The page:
Reducing Golf’s Green Handicap

A kangaroo relaxing at Anglesea Golf Club. Credit to GothPhil on Flickr

 

It’s not easy being a golfer

Besides the endless frustration of the game, your beloved sport gets a bad rap for its environmental footprint.  From clearing rainforest to create tourist golf links in Bali, the privatisation of green space in park-poor cities like Los Angeles, or the level of fertilisers making their way into ground water in Thailand; golf has a hard time defending its green credentials.

But what about the humble Melbourne golfer?  For a city that prides itself on its sporting lifestyle, what is the impact of teeing off?

Scotland.  Seriously?

Golf originated in the wilds of Scotland.  The first golf courses were rugged, wet and muddy as they followed the natural topography of the land.  When Scottish migrants headed across the Atlantic to the Americas, they packed their tartan golfing trousers and introduced the game to a new continent.  The golf courses of the motherland received a new-world make-over to become the manicured courses seen today.  The landscaped masterpieces displayed during the Masters tournaments have created high expectations from golfers, called the Augusta National Syndrome. But just like an episode of the Batchelor, what you see on TV is not the full story.  Even the masters golf links only look that good for the TV season, they can’t be maintained to that standard all year round.

Melbournian golfers need to accept that our Summers are hot and dry, and that a tinge of brown around the edges will not hurt your game.

Is golf for the birds?

But what if your golf game could save Melbourne’s native flora and fauna?

As Melbourne becomes more densely populated and developed, the open spaces of golf courses provide valuable green corridors for wildlife.

The average Australian 18 hole golf course covers 150 acres, and uses two-thirds of its area for fairways, with the remaining third for vegetation.  That’s 50 acres of available land that is increasingly being turned into areas for native biodiversity.  This land provides bird wildlife sanctuaries, protects remnant indigenous vegetation, and promotes indigenous flora with targeted planting.

The Royal Melbourne Golf Course has a program to protect and promote the local sandbelt species of wildflowers and orchids, as well as native grasses.  They can protect these species from the hazards of urban development including pesticides, weeds and foot traffic.

Scored a birdie?  Credit to Kool on Flickr

Golfing is Thirsty Work

Golf courses don’t just have wildlife corridors because it is the right thing to do.  Native vegetation requires significantly less irrigation than grass or exotic plants.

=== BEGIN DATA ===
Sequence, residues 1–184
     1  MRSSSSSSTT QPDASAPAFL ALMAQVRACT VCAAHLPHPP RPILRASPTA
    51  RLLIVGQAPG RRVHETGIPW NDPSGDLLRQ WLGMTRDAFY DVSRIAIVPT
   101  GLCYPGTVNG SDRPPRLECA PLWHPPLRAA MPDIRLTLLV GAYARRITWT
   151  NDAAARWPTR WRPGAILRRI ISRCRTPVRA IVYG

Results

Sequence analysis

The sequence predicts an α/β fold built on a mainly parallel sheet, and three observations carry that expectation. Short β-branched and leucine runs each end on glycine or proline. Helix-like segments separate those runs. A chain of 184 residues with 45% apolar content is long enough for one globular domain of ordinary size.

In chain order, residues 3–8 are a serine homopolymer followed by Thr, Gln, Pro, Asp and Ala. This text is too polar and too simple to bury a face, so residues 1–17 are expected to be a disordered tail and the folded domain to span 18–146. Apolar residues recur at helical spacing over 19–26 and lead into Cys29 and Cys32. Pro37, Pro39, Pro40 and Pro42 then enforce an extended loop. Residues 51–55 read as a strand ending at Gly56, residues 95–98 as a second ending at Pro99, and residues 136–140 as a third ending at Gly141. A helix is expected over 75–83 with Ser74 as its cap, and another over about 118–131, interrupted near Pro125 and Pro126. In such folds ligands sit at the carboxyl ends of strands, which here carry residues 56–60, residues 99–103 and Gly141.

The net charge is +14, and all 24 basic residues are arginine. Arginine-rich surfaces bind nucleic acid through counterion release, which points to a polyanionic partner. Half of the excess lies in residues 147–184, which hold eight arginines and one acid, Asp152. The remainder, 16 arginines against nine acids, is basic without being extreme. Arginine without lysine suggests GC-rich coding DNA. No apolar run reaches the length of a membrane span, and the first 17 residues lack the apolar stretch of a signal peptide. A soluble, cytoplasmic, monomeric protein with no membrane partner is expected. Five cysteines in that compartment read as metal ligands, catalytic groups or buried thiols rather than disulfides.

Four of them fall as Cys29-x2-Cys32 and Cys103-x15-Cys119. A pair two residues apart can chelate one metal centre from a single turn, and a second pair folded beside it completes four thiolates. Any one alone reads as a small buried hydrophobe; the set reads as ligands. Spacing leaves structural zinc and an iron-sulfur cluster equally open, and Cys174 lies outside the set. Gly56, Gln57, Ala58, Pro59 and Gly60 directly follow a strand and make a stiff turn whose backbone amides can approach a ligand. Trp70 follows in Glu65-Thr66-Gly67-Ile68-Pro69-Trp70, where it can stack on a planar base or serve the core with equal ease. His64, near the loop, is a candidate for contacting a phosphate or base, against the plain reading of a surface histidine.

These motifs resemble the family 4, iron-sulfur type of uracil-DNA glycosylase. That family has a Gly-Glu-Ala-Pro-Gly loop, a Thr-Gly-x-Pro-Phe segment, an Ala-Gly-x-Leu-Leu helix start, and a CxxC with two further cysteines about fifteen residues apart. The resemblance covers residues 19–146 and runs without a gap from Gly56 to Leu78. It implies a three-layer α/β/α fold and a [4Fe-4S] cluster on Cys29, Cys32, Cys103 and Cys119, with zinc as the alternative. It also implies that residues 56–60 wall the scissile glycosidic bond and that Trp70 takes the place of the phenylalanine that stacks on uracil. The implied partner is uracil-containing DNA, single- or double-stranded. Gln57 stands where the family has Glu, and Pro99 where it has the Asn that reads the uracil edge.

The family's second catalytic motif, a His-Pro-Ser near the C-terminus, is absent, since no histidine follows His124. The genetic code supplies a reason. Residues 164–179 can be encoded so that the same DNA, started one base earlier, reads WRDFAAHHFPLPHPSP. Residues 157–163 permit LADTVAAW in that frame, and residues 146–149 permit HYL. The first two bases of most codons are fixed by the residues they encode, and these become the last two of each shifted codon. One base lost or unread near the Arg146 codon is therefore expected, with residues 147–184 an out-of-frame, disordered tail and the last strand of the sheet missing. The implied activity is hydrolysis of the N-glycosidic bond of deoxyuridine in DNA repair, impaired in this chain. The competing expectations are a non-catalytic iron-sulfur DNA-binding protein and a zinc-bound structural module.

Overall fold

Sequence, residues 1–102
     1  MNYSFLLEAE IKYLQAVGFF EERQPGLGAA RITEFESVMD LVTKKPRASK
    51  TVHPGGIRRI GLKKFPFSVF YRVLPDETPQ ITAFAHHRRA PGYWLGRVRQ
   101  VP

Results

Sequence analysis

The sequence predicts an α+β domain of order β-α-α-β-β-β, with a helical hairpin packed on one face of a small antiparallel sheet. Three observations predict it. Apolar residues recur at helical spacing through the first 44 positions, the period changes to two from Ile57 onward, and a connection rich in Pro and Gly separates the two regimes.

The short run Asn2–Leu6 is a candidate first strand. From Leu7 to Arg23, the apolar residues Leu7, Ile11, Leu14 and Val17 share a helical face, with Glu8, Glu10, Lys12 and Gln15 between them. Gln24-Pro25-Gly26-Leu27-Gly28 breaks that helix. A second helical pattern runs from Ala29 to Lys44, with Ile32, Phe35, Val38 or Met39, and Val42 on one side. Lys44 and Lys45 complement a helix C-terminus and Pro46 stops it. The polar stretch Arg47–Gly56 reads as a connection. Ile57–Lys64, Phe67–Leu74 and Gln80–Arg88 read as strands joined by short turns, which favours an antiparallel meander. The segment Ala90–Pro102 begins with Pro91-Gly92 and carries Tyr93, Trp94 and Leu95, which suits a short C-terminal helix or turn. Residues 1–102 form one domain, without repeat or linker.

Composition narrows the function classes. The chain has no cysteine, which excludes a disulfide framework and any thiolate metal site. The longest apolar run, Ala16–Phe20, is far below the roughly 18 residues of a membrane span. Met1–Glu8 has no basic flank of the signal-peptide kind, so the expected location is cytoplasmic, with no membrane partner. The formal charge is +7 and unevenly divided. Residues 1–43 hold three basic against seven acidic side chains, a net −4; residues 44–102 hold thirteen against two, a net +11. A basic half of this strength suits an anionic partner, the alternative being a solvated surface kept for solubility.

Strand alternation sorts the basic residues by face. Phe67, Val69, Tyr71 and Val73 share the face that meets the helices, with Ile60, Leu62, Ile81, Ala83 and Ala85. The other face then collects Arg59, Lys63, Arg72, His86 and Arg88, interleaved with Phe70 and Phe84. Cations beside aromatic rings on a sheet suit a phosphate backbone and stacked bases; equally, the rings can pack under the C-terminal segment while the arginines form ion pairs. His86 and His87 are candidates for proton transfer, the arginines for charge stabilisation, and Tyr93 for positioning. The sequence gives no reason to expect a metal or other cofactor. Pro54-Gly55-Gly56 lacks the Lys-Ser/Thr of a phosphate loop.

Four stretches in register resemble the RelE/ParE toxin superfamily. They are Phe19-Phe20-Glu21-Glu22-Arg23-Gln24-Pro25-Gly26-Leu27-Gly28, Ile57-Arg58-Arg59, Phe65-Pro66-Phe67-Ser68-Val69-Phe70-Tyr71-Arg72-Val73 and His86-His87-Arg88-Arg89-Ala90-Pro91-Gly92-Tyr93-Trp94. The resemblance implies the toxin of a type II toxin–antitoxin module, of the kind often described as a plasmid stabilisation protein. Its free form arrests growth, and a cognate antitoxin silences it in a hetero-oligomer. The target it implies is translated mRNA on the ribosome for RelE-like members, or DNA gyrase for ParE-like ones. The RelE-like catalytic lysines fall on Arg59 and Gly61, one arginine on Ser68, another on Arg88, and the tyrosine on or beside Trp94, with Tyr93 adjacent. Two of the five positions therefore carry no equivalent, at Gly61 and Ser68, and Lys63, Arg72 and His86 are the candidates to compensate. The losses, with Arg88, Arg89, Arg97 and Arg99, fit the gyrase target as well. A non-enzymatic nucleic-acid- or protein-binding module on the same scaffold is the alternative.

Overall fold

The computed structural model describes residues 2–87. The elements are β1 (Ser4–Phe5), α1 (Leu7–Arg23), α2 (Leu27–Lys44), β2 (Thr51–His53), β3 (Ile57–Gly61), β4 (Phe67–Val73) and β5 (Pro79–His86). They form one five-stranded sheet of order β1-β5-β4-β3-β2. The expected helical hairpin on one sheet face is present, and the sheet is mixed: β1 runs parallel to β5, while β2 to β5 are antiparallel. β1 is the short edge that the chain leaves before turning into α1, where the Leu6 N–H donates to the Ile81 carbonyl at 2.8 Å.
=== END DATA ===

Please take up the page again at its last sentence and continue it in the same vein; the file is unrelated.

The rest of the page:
It takes a lot of irrigation to water a golf course.  In January, Melbourne has an average evaporation rate of 141mm, meaning irrigation will need to mimic 141mm of rainfall.  After adjustments for the needs of couch and kikuyu grass on the fairways, that’s am massive 65 megalitres (or $20,000) of irrigation in January alone. The cost of irrigation drives golf clubs to look for alternative water sources, mainly from storm and recycled water.

As the suburban land around Melbourne’s golf courses become more densely populated, we cover more land with non-porous cover like buildings, roads, and footpaths.  This creates more storm water run-off, which collects contaminants from the streetscape before being pumped into our waterways like Port Phillip Bay.

A well designed and maintained golf course can provide more environmental and wildlife benefits than a general purpose, poorly maintained public park.  Onsite lakes and water storage holes support aquatic wildlife diversity in urban areas.  Storm water often includes nutrients that the grass requires, like nitrogen and phosphorous, reducing the use of synthetic fertilisers.

As green as you want to be

If you are one of the many that likes to dress up in plaid trousers and walk in circles in the pursuit of following a little white ball, the power of greening golf is in your hands.  Ask yourself and your golf club committee a few questions before your next game.

  • Does the course have an environmental strategy? Do they follow it?
  • Do they prioritise native planting?
  • Does the course use recycled water?

And accept that in Summer, the fairways can be a browner shade of green. I promise you it won’t increase your handicap.

 


4 Responses to “Reducing Golf’s Green Handicap”

  1. Caroline Norton-Smith says:

    Hi Cax, Most golf course are moving towards a more indigenous plant pallet. This is also driven by many golf courses being on council land, and the local councils encouraging/creating by-laws for golf courses to increase their green practices.

  2. Jack Duckett says:

    found this really interesting! had thought about the fact that different sports might have differing environmental impacts

  3. cax says:

    Never think about golf from the environmental view. Good topic, and happy to see some gulf field do actions to reduce environmental impact. Do most of Melbourne gulf course start environmental work list in the end?

  4. Natali says:

    This is an interesting topic that we know .